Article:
Grafton Regional Gallery volunteer Allan Palmer has swapped chassis steel for sculptural steel.
Grafton Regional Gallery volunteer Allan Palmer has swapped chassis steel for sculptural steel. Belinda Scott

Mates, building and art brings happiness back to life

GOOD mates and art he never knew existed drew Allan Palmer out of the black hole that nearly swallowed him.

A volunteer at the Grafton Regional Gallery for the past 10 years, Allan spends his working days surrounded by paintings, drawings and sculpture.

He mans the reception desk, chats to visitors and artists, helps hang exhibitions and mails out invitations.

After work he enjoys the bushland setting of his country home.

It is a far cry from being too depressed to open the door of his old caravan.

Fourteen years ago, Allan barely knew that art galleries existed.

He was also ill, broke, depressed, unable to work and dependant on prescription medications.

The hard-working mechanic had spent 34 years immersed in the motoring business, spending long hours in and under engines and ultimately running his own business in Coffs Harbour for 12 years.

But his world came crashing down after the failure of two successive relationships.

Three things saved him - mates, building and art.

His mates talked to him, worried at him, visited him and worked with him.

With their help, he built his own house and eventually built two houses and a shed with amenities on three different sites as an owner-builder.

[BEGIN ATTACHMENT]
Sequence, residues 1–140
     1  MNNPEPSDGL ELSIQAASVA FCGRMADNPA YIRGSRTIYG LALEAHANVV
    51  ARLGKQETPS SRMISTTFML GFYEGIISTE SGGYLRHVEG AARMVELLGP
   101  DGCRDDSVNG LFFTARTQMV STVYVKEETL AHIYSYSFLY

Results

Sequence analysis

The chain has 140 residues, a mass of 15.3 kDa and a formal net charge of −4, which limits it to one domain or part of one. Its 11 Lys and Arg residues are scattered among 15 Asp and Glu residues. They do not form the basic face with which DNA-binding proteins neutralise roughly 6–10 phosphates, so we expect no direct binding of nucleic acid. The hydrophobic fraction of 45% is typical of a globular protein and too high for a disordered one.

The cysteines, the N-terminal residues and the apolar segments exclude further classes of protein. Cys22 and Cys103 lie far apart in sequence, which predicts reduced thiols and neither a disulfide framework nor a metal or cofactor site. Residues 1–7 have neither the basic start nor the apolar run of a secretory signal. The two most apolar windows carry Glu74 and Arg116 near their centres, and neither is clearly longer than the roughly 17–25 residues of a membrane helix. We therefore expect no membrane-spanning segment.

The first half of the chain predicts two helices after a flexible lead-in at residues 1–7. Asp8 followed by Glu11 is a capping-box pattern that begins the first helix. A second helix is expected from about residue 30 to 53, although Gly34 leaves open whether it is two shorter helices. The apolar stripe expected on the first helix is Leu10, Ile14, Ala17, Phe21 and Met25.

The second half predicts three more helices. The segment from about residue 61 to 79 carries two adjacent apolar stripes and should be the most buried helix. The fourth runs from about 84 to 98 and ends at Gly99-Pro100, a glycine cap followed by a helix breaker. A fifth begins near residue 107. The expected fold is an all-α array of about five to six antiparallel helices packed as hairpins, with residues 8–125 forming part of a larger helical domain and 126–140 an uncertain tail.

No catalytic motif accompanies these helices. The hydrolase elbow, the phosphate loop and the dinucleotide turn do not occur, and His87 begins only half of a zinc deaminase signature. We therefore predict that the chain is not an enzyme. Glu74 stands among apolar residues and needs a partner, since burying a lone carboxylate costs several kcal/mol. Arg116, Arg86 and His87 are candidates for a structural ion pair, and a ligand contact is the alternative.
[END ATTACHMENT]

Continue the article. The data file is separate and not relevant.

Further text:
And he turned up at the Grafton Regional Gallery and volunteered after his case manager suggested he should try something he had never done before.

 

THE GOOD LIFE: Allan Palmer is right at home at the desk of Grafton Regional Gallery after 10 years as a volunteer.
THE GOOD LIFE: Allan Palmer is right at home at the desk of Grafton Regional Gallery after 10 years as a volunteer. Belinda Scott

Allan said he turned the first corner on the road to recovery when a mate he was staying with said he was worried that Alan was sleeping in all morning and even then was hard to wake up.

"I was so tired all the time and I was so miserable I was just dragging myself around," Allan said.

"I had no energy and no interest in anything."

Against his psychiatrist's advice, rather than changing his medication, Allan threw away the antidepressants and moved onto a vacant bush block he had bought, despite having little money to build with.

His mental health adviser was scandalised, telling him he was in no fit mental state to make such important decisions.

But Allan is still glad he did, although he said it might not be the right thing for others.

At Grafton's gallery he discovered a new world, a completely new group of people and another reason to get out of bed in the morning.

His own favourite painters are pioneering landscape painters like Hans Heysen and Tom Roberts, but he also appreciates the skill of the contemporary artists whose work he has helped to hang in Grafton's signature Jacaranda Acquisitive Drawing Award (JADA) and other exhibitions.

He has also enjoyed meeting artists and showing them the sights of the city.

But he says after years of wielding a paint brush on walls while tradie mates hammered, sawed, plumbed, Gyprocked and ran electrical cords on his building sites, he has now given up construction.

Allan said he was just going to enjoy owning his own home and having no debts.


Meghan, Harry ‘struggling to cope’ in LA

Meghan, Harry ‘struggling to cope’ in LA

Dream of a blissful new life has quickly turned into a nightmare

Fresh confusion over virus 'detention'

Fresh confusion over virus 'detention'

Thousands of Melbourne public housing residents have been provided with "detention...

Man in iconic 9/11 photo dies from virus

Man in iconic 9/11 photo dies from virus

This man miraculously survived the 9/11 terror attacks